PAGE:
1. The signalling function:
Prices perform a signalling function. This means that market prices will adjust to demonstrate where resources are required, and where they are not. Prices rise and fall to reflect scarcities and surpluses. So, for example, if market prices are rising because of high and rising demand from consumers, this is a signal to suppliers to expand their production to meet the higher demand.
2. The transmission of preferences
Through the signalling function, consumers are able through their expression of preferences to send important information to producers about the changing nature of our needs and wants. When demand is strong, higher market prices act as an incentive to raise output (production) because the supplier stands to make a higher profit. When demand is weak, then the market supply contracts. We are assuming here that producers do actually respond to these price signals!
One of the features of a free market economy is that decision-making in the market is decentralised in other words, the market responds to the individual decisions of millions of consumers and producers. That is to say; there is no single body responsible for deciding what is to be produced and in what quantities. This is a remarkable feature of an organic market system.
3. The rationing function
Prices serve to ration scarce resources when demand in a market outstrips supply. When there is a shortage of a product, the price is bid up – leaving only those with sufficient willingness and ability to pay with the effective demand necessary to purchase the product.
The price mechanism is the only allocative mechanism solving the economic problem in a free market economy. However, most modern economies are mixed economies, comprising not only a market sector, but also a non-market sector, where the government (or state) uses the planning mechanism to provide public goods and services such as police, roads and merit goods such as education, libraries and health.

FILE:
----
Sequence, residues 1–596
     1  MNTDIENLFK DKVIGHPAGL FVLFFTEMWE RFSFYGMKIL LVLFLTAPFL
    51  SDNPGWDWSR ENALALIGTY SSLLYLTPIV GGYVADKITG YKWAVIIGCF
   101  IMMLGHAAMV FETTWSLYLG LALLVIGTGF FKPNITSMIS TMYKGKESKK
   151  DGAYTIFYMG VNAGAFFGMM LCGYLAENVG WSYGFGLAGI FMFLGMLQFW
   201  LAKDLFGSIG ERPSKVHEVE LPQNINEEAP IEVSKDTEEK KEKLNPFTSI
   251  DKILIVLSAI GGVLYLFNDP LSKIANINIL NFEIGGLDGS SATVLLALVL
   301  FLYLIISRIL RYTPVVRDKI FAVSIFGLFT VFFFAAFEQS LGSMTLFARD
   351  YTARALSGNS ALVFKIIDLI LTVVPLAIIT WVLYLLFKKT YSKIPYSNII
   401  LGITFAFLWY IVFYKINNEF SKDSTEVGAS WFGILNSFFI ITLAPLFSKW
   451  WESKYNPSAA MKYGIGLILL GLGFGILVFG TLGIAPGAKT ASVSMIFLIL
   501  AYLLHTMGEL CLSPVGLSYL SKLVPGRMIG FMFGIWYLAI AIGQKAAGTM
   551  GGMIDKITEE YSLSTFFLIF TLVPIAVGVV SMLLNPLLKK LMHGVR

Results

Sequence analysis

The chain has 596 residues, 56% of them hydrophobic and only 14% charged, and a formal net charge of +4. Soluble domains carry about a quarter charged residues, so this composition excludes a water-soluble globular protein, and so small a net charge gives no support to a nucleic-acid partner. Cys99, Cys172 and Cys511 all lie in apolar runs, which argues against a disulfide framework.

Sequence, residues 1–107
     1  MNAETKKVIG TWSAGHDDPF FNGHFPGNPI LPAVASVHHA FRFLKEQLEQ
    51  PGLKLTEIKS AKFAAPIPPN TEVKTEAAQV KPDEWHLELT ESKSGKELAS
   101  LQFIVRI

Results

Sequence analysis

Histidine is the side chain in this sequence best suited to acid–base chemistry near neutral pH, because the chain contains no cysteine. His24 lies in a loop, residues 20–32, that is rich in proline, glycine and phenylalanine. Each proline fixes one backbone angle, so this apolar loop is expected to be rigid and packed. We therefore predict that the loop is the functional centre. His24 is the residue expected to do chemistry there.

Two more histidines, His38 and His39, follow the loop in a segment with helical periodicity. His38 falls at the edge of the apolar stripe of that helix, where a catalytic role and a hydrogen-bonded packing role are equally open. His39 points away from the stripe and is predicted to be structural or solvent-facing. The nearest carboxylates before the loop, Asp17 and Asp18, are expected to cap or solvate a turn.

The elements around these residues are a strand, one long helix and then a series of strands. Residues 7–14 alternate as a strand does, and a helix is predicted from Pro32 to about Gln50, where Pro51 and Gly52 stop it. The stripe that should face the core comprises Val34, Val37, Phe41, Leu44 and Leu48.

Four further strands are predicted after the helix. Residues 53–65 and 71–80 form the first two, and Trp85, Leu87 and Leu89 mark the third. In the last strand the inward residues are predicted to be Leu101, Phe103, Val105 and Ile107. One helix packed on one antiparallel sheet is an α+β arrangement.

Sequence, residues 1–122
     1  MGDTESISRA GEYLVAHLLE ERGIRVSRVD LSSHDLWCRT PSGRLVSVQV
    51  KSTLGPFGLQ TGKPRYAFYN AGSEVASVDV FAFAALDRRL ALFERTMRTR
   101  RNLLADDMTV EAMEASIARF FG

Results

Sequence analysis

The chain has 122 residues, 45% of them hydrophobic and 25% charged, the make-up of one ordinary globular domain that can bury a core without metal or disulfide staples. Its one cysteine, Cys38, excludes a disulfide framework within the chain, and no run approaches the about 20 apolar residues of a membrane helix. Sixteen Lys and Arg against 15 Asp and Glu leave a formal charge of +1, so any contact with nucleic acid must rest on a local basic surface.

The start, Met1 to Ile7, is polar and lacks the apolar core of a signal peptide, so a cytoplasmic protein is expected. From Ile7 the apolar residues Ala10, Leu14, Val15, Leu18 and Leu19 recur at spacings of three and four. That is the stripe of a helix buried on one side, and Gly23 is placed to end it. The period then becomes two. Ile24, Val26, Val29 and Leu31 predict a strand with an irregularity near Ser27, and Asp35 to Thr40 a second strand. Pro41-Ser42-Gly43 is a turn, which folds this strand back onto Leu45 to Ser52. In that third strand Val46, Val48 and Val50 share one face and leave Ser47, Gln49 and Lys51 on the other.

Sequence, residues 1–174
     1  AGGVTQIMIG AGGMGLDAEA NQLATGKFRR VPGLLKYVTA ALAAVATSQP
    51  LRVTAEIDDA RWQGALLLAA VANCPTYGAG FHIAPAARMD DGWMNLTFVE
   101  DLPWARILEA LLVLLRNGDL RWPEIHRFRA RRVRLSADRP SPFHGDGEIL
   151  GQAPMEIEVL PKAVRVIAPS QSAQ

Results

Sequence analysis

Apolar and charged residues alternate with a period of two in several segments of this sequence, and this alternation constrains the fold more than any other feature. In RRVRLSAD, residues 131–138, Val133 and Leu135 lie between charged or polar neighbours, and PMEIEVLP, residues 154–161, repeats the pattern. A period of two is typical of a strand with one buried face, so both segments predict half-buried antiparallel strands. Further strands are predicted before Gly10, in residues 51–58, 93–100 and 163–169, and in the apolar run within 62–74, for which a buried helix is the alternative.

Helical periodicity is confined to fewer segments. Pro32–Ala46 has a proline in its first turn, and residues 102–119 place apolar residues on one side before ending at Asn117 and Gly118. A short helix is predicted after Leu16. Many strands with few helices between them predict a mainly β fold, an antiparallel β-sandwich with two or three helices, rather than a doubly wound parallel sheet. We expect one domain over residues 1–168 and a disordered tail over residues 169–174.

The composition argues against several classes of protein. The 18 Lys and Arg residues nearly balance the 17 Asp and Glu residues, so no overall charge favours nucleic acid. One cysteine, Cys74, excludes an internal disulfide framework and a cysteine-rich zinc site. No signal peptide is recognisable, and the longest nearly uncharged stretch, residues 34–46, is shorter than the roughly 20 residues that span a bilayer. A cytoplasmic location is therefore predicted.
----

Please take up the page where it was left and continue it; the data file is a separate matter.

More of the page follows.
In a state run command economy, the price mechanism plays little or no active role in the allocation of resources. Instead government planning directs resources to where the state thinks there is greatest need. The reality is that state planning has more or less failed as a means of deciding what to produce, how much to produce, how to produce and for whom. Following the collapse of communism in the late 1980s and early 1990s, the market-based economy is now the dominant economic system – even though we are increasingly aware of imperfections in the operation of the market – i.e. the causes and consequences of market failure.
- Prices and incentives:
Price incentives matter enormously in our study of microeconomics, markets and instances of market failure. For competitive markets to work efficiently all economic agents (i.e. consumers and producers) must respond to appropriate price signals in the market.
Market failure occurs when the signalling and incentive function of the price mechanism fails to operate optimally leading to a loss of economic and social welfare. For example, the market may fail to take into account the external costs and benefits arising from production and consumption. Consumer preferences for goods and services may be based on imperfect information on the costs and benefits of a particular decision to buy and consume a product. individual preferences may also be distorted and shaped by the effects of persuasive advertising and marketing to create artificial wants and needs.
- Government intervention in the market:
Often the incentives that consumers and producers have can be changed by government intervention in markets. For example a change in relative prices brought about by the introduction of government subsidies and taxation. The “law of unintended consequences” encapsulates the idea that government policy interventions can often be misguided of have unintended consequences !In a market economy, price is the aggregation of information acquired when people are free to use their individual knowledge. Price then allows everyone dealing in a commodity or its substitutes to make decisions based on more information than they could personally acquire, information not statistically conveyable to a centralized authority. Interference from a central authority which affects price will have consequences; central authority or government could not foresee because they do not know all of the particulars involved.